One Reason Your Son ISN’T Reading at School

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Posted by: Sue Atkins

Today’s guest author Janet Allison offers support and strategies for parents bringing up young boys.

I was delighted to have been interviewed by Janet on Friday night for the Boys Alive! On-line Event: Discover HIS World – The Map  and to hear more about all aspects of raising boys – from his education, to understanding his temperament, his learning styles, and the bigger issues that face boys and men. Explore and join in here =>  www.boysaliveevent.com if you missed the interview.

Janet is committed to helping families “bring out the best in their boys” by offering family coaching and workshops. In today’s blog Janet’s looks at one of the reasons why your son may not be reading at school and  as a former Deputy Head and class teacher for over 20 years I found her insights very helpful and I hope you do too !

I remember when my own son went through his “only reading comics stage”  I didn’t panic as I relaxed and encouraged him to just enjoy reading – as it is one of life’s very important life skills and I knew it was just a phase.

Here’s Janet’s advice.

“A mum recently told me that her son LOVES to read at home and HATES to read at school. What he likes to read is not considered literature at school. Can you help?”

“Schools tend to consider a successful reader to be one who can capably read longer fiction, and then respond to questions about character and story development and that student is usually a girl.

Boys prefer stories that are:

  •  Action driven – think Star Wars – something happens, then something else happens, then they have to figure out how to make something work so that something else can happen. Little time is spent on character depth and development. This also shows up clearly in the stories boys prefer to write.
  •  Adventure-oriented – think classics like Tom Sawyer, Daniel Boone, Robinson Crusoe – adventure with a quest theme, good vs. evil, fighting with swords, guns, or testing mettle against all odds. Again, more about the action than the character’s motivations.
  • Humour-filled – think Captain Underpants – yep, boys love humor and especially if it includes body parts and body noises. If you are raising a son, you can surely relate to this: “There’s one thing you have to remember. Farts are always funny.”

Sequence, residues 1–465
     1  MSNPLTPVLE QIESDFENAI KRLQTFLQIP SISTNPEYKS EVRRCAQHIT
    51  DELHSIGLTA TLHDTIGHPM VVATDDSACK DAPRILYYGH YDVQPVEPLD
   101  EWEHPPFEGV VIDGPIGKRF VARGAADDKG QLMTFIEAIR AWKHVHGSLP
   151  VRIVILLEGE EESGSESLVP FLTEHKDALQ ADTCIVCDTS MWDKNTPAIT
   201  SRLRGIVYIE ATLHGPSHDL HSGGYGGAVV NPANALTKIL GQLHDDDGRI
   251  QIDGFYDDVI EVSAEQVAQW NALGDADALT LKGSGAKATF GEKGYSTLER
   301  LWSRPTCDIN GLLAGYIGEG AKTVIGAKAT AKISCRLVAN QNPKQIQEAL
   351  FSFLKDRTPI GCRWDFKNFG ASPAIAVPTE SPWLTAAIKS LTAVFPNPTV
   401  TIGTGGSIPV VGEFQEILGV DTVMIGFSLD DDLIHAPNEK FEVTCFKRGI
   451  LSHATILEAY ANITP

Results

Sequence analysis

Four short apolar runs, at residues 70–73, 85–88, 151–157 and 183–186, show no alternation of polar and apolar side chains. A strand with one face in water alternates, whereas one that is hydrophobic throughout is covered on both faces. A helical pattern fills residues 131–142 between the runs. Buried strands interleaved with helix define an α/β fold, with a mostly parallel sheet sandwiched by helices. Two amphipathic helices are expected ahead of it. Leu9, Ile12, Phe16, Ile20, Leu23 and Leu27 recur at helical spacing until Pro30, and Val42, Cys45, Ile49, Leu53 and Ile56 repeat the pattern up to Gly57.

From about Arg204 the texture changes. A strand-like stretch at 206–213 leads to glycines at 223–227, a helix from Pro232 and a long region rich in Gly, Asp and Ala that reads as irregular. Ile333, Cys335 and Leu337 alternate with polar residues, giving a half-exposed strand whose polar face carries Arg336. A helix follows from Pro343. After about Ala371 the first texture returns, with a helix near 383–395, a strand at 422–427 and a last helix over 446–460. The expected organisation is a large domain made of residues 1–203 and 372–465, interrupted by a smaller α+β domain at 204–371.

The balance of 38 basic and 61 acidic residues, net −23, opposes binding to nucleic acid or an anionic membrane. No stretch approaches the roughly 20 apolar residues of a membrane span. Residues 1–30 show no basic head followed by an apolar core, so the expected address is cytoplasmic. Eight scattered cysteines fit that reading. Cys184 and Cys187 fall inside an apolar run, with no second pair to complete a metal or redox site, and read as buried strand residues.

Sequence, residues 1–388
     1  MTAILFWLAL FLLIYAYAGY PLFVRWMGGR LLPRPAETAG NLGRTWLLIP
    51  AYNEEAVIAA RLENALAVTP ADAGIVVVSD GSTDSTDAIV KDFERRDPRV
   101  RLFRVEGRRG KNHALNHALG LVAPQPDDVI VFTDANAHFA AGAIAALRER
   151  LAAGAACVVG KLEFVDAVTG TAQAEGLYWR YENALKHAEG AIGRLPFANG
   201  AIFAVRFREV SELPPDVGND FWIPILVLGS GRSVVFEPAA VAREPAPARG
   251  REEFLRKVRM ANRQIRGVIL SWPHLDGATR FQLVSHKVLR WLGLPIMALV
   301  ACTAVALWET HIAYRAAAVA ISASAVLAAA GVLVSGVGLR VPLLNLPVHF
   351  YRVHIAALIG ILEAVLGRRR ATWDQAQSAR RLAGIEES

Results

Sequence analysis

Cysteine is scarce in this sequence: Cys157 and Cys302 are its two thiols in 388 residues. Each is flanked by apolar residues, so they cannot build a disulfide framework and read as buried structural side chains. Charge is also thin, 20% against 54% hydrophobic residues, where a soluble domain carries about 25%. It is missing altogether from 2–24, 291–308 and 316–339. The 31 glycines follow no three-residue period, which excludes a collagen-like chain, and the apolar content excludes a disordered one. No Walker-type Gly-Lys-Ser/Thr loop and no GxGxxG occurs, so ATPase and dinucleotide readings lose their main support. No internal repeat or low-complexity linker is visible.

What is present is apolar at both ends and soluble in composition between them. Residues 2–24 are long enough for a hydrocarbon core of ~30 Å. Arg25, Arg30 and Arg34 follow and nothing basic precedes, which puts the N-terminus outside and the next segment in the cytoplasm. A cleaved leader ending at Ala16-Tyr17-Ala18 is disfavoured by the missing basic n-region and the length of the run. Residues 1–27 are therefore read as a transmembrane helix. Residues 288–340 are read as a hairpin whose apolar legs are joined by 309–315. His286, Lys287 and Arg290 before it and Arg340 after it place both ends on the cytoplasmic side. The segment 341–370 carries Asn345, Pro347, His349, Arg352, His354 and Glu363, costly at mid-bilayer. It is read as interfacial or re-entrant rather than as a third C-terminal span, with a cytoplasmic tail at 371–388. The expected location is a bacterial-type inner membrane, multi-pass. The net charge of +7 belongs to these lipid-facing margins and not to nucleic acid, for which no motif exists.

•  Fact-based – think basketball, baseball, football stats – or the boy who knows every dinosaur by name at age 3! Boys love systems and fact-based information helps them analyse, categorise, and visualise.

Comic books, magazines, instruction manuals, how-to books, short stories, and graphic novels are just some of the less conventional reading materials that boys prefer and that schools don’t consider “real” literature.

By the way, does your boy think that reading is for girls? Research shows that at home boys see their mothers and sisters reading but don’t observe their fathers and brothers reading for pleasure. Many boys tend to read more to find out information than simply reading for pleasure.

The ability to read and write well is the foundation stone of school (and college) success. He MUST experience success early and often – and that means engaging him early and often. We must do that by widening literacy choices for him, engaging his interests.

Hear more about crucial issues concerning boys during the Boys Alive! Online Event: Discover HIS World – Here’s the MAP. Beginning October 10th, experts from around the world gather to share their wisdom on all-things-boys. Dr. Thomas Newkirk, author of “Misreading Masculinity – Boys, Literacy, and Popular Culture” and Michael Gurian, author of “The Wonder of Boys” are among the featured speakers. Register for this free full-access on-line event at www.boysaliveevent.com

More about Janet Allison

As a parent educator, Janet knows that while parents are often overly-prepared for the arrival of a baby, they are often under-prepared for the life-long task of parenting. She helps parents gain the skills they need to raise children who are confident and capable.

Janet has written Boys Alive! Bring Out Their Best! a compendium of relevant research coupled with practical strategies. Through both the Boys Alive! book and the workshops she teaches, Janet helps parents and teachers understand the unique learning and social needs of boys and how to create a supportive environment so they can thrive.

Janet is also a Waldorf teacher and Educational Consultant. Meet Janet via her website here: http://www.janetallison.com/

 

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